Leaving Home

By Elise Edmonds

It was a six-week journey by sea from Australia to Egypt and after the excitement of enlistment, training and farewells some feelings of boredom were inevitable among the troops. To alleviate the monotony on the ship, sports carnivals were held, with boxing matches and games such as pillow fights and wheelbarrow races.

The crossing the Equator ceremony, ‘Neptune’s journey’, was played out on each troopship as it headed north. Passengers were often covered in tar and then dunked in water. Soldier Archie Barwick described the ceremony on his ship, A19, Afric.

Our next bit of excitement was crossing the Line, we had a great big canvas bath fitted, and filled with salt water, and some of the officers were dressed in all sorts of costumes, we had a father Neptune (Capt Swanell) … and then special constables, who had been duly initiated, that is ducked, were told off by Father Neptune and his Court to arrest all & sundry ...

… when they got them to the tank they shot them in clothes and all on and when you came up some of Neptune’s slaves shoved you under again with a pole until you were nearly drowned and when you went to get out, they were there to help you with hands all over grease and tar ...

... once you had been through Neptune’s hands you were free to go and help the others drag them in ... Water & wet towels were the only weapons that were legal and the deck was a mass of flying towels …

One way to pass the time on a troopship was to draw. Here are some of the ‘bhoys’: Yorkey, Balks, Red and Ray. North Coast Eric is stretched out reading as too is Ashfield Dug. Steve is looking for submarines, or is he dreaming about home?

Loureiro Vasco – who changed his name to the more conventional Louis when he enlisted – spent his time on the Suevic drawing his shipmates. A professional cartoonist, he had trained at the National Gallery of Victoria School and produced artwork for postcards in Melbourne, Sydney and in the United States.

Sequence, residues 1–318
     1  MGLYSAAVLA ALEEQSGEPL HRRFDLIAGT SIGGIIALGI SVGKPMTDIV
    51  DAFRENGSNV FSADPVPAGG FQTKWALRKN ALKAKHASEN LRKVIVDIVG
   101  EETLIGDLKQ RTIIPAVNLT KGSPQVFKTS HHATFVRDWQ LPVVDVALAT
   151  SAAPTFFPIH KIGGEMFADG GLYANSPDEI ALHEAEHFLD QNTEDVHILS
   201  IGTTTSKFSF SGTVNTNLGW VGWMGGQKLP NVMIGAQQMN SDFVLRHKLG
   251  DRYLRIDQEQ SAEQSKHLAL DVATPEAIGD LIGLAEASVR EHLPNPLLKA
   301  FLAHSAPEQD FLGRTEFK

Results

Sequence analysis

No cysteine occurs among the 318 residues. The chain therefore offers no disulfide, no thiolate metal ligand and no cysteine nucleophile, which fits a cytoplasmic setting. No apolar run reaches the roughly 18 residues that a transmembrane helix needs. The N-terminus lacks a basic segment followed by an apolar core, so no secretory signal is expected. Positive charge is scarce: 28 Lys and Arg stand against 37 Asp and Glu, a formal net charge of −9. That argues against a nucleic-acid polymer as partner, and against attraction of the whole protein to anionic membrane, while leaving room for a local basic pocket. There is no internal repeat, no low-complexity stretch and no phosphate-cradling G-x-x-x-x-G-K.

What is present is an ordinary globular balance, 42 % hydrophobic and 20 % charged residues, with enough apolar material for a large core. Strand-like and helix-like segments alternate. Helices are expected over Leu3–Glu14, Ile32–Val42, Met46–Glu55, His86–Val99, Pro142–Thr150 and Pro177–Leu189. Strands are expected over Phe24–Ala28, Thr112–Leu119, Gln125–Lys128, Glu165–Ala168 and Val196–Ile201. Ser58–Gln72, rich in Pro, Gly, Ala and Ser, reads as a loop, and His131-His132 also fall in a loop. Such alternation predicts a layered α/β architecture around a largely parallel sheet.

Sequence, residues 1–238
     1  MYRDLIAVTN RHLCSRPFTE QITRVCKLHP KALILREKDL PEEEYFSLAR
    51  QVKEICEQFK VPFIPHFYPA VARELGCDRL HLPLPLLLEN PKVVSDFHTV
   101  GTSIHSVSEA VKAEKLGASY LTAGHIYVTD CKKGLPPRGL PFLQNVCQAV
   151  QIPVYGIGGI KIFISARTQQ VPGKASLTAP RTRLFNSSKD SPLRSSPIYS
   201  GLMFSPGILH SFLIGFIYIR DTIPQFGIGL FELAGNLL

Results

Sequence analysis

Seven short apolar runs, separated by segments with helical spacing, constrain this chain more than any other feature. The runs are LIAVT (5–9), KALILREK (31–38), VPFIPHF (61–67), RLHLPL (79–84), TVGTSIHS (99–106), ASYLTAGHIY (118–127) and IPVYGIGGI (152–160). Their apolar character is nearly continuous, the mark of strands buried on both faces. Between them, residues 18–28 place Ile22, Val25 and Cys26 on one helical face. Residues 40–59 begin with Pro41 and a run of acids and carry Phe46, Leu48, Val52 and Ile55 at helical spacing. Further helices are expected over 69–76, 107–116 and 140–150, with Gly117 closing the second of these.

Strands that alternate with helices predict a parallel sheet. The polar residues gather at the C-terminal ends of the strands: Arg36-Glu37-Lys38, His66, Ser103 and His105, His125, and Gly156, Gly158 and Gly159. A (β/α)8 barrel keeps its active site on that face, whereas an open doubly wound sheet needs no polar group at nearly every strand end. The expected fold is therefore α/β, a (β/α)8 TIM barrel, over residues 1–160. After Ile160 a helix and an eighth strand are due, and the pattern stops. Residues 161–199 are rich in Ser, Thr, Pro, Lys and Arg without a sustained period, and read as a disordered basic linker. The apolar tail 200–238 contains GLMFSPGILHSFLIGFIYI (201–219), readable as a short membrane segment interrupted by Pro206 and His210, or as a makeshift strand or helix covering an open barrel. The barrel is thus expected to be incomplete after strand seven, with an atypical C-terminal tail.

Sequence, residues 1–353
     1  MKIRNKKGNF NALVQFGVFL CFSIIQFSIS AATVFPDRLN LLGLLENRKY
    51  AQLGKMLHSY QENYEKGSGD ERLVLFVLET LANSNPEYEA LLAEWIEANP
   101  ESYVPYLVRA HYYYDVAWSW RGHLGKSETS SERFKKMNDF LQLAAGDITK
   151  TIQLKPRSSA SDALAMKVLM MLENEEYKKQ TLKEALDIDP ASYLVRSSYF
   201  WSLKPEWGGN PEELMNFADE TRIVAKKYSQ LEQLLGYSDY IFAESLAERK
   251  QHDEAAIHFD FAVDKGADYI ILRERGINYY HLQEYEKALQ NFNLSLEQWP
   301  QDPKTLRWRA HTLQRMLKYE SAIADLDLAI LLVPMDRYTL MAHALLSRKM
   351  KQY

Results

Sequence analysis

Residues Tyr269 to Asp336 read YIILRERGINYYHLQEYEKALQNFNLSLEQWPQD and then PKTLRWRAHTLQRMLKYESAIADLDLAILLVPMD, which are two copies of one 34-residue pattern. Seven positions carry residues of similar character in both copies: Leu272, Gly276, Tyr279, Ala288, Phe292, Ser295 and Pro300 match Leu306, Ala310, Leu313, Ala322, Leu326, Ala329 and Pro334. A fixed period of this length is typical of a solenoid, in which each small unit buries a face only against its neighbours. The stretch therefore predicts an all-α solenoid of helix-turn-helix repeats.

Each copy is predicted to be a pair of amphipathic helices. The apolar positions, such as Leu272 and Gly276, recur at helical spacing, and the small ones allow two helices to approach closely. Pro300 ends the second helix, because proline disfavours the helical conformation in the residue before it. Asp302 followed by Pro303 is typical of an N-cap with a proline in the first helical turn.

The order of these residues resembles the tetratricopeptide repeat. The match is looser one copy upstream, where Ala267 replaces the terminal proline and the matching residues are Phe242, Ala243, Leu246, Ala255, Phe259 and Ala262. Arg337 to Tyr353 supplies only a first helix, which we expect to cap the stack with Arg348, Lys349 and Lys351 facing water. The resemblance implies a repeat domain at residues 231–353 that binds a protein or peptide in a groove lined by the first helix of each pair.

Ellis Silas, a fledgling signaller on board the transport A40 Ceramic and an artist before enlistment, filled the time by reading, sketching and painting.

25 December, Christmas Day
All day painting and reading. Fruit is given us as a little extra – I presume no day of any importance could be such unless there were something extra for the inner man.


6 December
Usual routine – meals, drill, etc., how I hate signalling! At night I try to read the ship’s signalling with lamps – I feel in despair, I cannot read six words – wonder if I ever will. Sketching as usual; as I use my pencil whenever I get a chance …

One morning, just before Reveille, went to get some tea; it was given me in a metal cup which I cannot drink out of; I said to the cook, “Wait a minute, I`ll get a china cup” – this was too much for the lads, who immediately began to call out for their valets and shaving water! I never heard the end of this incident for some days.

The original sketch (below) was made by Captain Brian Gaynor, of the 2nd Field Artillery Brigade, who served in Gallipoli and France. His map shows the route taken, with daily progress, by the Transport A21 Marere from Sydney through the Indian Ocean to the Suez Canal and Egypt. The map also has a list of AIF personnel on board, along with the numbers of horses.


Street signs, the corner of Frederick St and Dodson Av
Trove solves a family mystery

All the WW1 records for my great grand uncle showed he lived in Hanover St, Lidcombe. However, this street no longer exists. Searching in Trove I discovered the street had been renamed to honour another soldier, Private Frederick Doodson who was killed on Anzac Day landing at the Dardanelles. The digitised newspapers helped me to unravel a mystery in the family history. Trove supplied the missing piece to the puzzle and also the reason why the street name was changed, and the wonderful recognition for the local soldier who died.

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